What has been your proudest achievement?
One achievement I'm very proud of is to have my jewellery featured on display in Air NZ's Koru Lounge.

You're one of our most well-known designers, a "Kiwi icon". What do you think has been the secret to success?
I am a musician who now designs too and I think I'm an accessible and recognisable person for people. I owe my success to my life in the public eye through my music and through the band Stellar*. New Zealanders were interested to see me start designing and they have shown their support by wearing my collections. It's thrilling for me to see that.

Who is your Kiwi icon?
That's tough. Someone I always admired for their smarts, dedication and humour was David Lange. You know that question "who would you love to have at your dream dinner party?" He'll be sitting next to me.

Tell us about your collaboration with Designer Rugs - how did it come about?
Laura from Designer Rugs has told me that she wanted an eclectic group of people that were all in different fields. I think she has definitely achieved a good mix. I'm in extremely good company.

Tell us about the rug you have designed.
I wanted to do an untraditional animal print of sorts. My design is based on the monarch butterfly. I created the design by cutting up and collaging butterfly wing patterns. My apartment in LA looked like a tornado had gone through and savaged all the National Geographics. The final result is staggeringly good. When I first saw the rug I was shocked at how beautiful it is. I'm so pleased with how it has great texture and is compelling to look at.

What is the story behind the name of the rug?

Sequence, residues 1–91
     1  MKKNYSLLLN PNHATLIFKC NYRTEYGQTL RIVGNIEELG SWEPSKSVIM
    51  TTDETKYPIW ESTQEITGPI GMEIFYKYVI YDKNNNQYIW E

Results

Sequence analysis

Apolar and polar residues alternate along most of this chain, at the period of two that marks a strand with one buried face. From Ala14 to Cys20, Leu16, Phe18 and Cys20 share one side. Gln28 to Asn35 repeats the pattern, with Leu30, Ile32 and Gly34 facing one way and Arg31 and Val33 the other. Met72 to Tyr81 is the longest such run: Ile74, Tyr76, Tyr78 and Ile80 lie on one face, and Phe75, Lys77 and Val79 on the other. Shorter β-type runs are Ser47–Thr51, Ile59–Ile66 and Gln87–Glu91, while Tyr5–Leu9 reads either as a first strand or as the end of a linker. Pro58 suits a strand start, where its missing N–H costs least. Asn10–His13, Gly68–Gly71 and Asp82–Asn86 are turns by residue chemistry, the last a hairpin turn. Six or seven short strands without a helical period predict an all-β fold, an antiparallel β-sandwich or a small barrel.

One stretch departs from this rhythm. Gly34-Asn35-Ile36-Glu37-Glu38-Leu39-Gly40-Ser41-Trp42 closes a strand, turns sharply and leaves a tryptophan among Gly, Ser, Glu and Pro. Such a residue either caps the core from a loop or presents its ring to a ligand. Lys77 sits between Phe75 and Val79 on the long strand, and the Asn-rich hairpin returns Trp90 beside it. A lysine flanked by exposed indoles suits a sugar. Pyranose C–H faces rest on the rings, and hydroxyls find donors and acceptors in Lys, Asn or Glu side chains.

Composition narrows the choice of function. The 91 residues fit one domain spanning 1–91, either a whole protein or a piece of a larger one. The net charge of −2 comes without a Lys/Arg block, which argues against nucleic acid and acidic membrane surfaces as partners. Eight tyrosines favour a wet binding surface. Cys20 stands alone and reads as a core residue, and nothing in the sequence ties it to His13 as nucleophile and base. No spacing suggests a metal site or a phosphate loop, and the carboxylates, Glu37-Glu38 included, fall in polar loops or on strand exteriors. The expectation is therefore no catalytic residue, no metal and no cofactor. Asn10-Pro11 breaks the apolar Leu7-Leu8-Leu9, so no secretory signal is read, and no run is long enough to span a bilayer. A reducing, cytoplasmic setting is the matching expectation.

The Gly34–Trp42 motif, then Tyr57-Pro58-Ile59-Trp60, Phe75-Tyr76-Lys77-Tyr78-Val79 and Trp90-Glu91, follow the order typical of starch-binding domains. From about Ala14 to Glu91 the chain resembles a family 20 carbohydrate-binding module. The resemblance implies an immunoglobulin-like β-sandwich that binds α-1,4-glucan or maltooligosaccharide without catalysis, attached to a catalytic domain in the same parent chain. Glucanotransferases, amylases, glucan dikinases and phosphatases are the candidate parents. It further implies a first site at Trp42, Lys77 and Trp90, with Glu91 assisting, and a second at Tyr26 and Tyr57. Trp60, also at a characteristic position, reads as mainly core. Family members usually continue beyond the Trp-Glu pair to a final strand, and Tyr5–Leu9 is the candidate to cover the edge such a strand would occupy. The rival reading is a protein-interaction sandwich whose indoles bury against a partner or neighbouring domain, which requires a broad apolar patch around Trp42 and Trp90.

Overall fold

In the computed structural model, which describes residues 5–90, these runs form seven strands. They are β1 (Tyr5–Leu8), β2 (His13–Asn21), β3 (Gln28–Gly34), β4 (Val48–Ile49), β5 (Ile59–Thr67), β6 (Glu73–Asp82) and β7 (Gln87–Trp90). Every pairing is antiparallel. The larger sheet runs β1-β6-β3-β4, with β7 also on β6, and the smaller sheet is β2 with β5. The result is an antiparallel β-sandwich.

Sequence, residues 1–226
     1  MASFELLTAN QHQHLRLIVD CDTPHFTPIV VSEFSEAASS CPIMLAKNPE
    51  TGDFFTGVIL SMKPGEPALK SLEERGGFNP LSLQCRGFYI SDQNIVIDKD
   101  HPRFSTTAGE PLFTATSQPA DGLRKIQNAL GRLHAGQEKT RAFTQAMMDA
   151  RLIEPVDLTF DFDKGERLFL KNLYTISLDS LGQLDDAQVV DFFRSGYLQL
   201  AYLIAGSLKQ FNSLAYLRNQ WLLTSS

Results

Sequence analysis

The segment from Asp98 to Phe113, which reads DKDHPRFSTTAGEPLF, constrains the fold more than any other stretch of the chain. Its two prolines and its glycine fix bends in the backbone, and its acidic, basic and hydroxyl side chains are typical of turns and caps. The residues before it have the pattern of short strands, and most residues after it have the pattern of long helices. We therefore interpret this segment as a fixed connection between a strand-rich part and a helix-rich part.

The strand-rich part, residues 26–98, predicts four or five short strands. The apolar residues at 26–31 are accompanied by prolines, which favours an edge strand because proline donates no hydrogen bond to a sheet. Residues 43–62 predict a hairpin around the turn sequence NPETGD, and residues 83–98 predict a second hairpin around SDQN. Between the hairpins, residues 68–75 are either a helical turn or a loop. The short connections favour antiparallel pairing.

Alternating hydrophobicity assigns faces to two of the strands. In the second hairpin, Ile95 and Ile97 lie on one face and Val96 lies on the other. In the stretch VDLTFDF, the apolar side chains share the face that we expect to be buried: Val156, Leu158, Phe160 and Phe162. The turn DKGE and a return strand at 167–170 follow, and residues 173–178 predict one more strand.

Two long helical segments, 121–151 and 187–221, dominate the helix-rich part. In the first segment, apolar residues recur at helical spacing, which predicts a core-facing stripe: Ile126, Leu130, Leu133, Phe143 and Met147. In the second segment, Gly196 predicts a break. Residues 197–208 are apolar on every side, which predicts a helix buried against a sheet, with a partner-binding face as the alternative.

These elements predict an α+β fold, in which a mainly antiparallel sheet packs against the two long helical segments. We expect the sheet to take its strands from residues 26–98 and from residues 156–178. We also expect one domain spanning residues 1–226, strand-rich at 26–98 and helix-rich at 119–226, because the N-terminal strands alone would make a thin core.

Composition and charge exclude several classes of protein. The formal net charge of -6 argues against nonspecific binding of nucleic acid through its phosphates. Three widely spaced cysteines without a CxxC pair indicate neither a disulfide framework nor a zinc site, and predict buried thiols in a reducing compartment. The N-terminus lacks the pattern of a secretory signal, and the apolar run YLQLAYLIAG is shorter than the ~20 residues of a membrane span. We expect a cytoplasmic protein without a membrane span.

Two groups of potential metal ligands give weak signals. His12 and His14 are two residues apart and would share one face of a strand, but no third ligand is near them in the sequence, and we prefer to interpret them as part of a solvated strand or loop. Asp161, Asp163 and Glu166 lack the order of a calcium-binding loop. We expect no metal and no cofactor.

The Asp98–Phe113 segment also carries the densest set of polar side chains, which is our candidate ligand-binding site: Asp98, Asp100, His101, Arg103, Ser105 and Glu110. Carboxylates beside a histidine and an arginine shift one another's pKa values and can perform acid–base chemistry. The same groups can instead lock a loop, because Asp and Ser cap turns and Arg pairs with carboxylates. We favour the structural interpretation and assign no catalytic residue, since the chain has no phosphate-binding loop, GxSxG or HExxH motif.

The rug is called Monarch and of course relates to the monarch butterfly but I also love the way the word is grand in itself.

Have you ever designed homewares or interiors before?
This rug is my first foray into homewares/interiors and I hope to do more. The experience has given me many ideas. The thought that something I have dreamed up and designed could be part of someone's home - that gives someone comfort and joy - is a wonderful feeling.

How did you find working in rug format?
I was given free rein. Lia and Laura from Designer Rugs were brilliant at guiding me through what could be achieved with New Zealand Wool, what could be created through carving the pile and so on. The beauty of the rug owes much to their knowledge.

What is your own home like? What is your most prized object there?
I live in two cities in two different hemispheres and my homes are radically different. In New Zealand, the bungalow is crammed full of objects dragged back from all over the world - cowhide rugs from Texas, crazy papier mache masks from Buenos Aires, ceramics from all over the place. There isn't an empty wall anywhere - there's art shouldering paintings and more waiting patiently to be framed or hung. It's not for the faint-hearted or the minimalist.

Hard to say what the most prized object is - maybe my DLT painting of a handsome fighting Shao Lin monk. It was one of the first paintings I ever bought. Or my mother's vintage vinyl record picture discs, they are amazing. In LA, my duplex apartment walls are very bare. They are concrete and old, so everything leans on spaces or hangs from light fixtures. It looks like Ikea exploded with sprinklings of treasures collected from thrift stores and eBay and travelling. My Fender Mustang shortscale bass guitar is definitely my most prized possession there. Running close would be my toy guitars, especially my plastic Western one. My crocheted dissected Frog and Mouse artworks may be top-of-the-list too. Someone lovingly created the gruesome innards out of fluffy pink and blue wool. Makes me smile every time I look at them.

- NZ Herald